The opening scene reveals baby Jane’s tragic origins, as she loses first her parents and then her uncle, ultimately ending up the unhappy charge of her aunt Reed at Gateshead. And it’s here that we pick up the familiar story: a passionate and independent young girl, rejected and mistreated by almost everyone who should care for her, until she finally finds love with Mr Rochester, her brooding and brilliantly sarcastic employer. (Did I mention that Mr Rochester is one of my favourite literary leading men?) But all is not as it seems at Thornfield, and when a shocking secret is revealed, it seems Jane will once again be denied her happy ending. The story is part romance, part thriller, and full of twists and turns that keep you guessing right to the end.

Jane Eyre, National Theatre
Maggie Tagney, Felix Hayes, Laura Elphinstone, Madeleine Worrall, Simone Saunders and Craig Edwards. Credit: Manuel Harlan

This adaptation, a co-production with the Bristol Old Vic, is not for the faint-hearted (or weak-bladdered); lasting three and a half hours, it sets out to tell the story in all its detail, and with seemingly limitless energy. The company of incredibly hard-working actors must burn some serious calories, as they walk, run and climb ceaselessly all over Michael Vale’s ladder-strewn set, which resembles a big adventure playground. This constant movement is used particularly effectively in the transitions between scenes, filling in the gaps between the action, whether they last weeks, months or even years.

The play had no script when rehearsals began; it was devised by the company – so it’s no surprise that the small cast work perfectly together. A very physical piece of theatre, it feels at times more like a ballet than a play, the choreography working seamlessly with Benji Bower’s quirky choices of music. (I never would have thought a Gnarls Barkley song would work in a Victorian classic, which just goes to show what I know.) Singer Melanie Marshall stands out a mile in her glamorous red ball gown, an intense but eerily calm Bertha Mason who can wreak havoc with a single glance.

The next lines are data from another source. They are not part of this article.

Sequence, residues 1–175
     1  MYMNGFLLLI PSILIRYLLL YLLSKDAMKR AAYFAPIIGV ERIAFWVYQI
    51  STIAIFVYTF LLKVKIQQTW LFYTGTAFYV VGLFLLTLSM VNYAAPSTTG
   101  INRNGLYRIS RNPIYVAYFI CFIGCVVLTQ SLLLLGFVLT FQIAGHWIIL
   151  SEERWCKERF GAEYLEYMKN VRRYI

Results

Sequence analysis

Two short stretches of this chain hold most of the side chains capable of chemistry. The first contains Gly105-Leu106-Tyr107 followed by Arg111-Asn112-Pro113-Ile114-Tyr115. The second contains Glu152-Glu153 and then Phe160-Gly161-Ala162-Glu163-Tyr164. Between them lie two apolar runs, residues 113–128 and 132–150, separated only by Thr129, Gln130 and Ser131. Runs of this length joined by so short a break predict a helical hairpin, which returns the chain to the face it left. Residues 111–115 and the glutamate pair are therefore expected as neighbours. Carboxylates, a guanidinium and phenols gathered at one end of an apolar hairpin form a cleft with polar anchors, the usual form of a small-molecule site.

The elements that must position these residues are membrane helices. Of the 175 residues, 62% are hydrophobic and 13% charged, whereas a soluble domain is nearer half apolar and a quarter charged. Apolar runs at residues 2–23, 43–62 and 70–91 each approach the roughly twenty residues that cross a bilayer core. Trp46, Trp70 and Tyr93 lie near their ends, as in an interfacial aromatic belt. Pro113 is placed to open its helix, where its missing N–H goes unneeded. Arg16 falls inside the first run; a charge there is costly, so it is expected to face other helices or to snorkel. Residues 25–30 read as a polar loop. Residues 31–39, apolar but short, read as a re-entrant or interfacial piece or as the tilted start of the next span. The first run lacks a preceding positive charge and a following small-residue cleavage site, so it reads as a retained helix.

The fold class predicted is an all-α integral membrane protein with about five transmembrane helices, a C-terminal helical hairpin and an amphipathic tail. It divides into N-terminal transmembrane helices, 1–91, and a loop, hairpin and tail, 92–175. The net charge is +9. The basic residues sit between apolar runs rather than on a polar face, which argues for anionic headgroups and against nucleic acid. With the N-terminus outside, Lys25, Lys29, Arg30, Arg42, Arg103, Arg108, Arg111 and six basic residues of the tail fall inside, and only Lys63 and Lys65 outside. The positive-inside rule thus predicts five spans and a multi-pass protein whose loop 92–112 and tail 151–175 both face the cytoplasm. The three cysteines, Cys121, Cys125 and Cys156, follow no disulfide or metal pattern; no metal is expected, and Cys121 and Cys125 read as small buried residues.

Felix Hayes (Rochester) and Madeleine Worrall (Jane). Credit: Manuel Harlan
Felix Hayes (Rochester) and Madeleine Worrall (Jane). Credit: Manuel Harlan

Felix Hayes’ Mr Rochester is a bit less elegant and a bit more foul-mouthed than we’re used to, but with an appealing, childlike vulnerability underneath his bushy beard. And Craig Edwards offers some much-needed light relief as a delightfully convincing Pilot the dog; any time he’s on stage the mood in the auditorium palpably lifts, and it’s hard not to watch him as he bounds around the stage. But undoubtedly the star of the show is Madeleine Worrall; she has all the impetuous passion of Jane as a child (so much so that you forget she’s a grown woman), but also the quiet, restrained emotion of the adult. Some of her best moments are when she says nothing at all, but lets her incredibly expressive face and movement do all the talking.

Jane Eyre, National Theatre
Madeleine Worrall (Jane)

While there’s no doubt that this is a beautiful and very artistic production, it does occasionally feel that with so much time devoted to Jane’s inner monologue (other cast members providing the conflicting voices in her mind) and the passing of time, some of the most significant events are dealt with incredibly briefly – to the point where, if you didn’t know the story, you might wonder what had just happened. (Certainly the people behind us found it necessary to spend a frustrating amount of time discussing the plot in loud whispers.) So, if you haven’t read the book, it might be worth at least Googling the story before you go, to prevent confusion (for you) and irritation (for other people).

This new production is highly original, and not at all what I expected from an adaptation of one of my favourite novels – but that’s what makes it exciting. Without the distraction of spectacular sets or special effects, it becomes a psychological study of one woman’s personal journey, in which every other character and event feels secondary to that purpose. The play may move at a gentle pace, but it’s certainly never boring, as it breathes new life into both the classic story and its inspirational central character.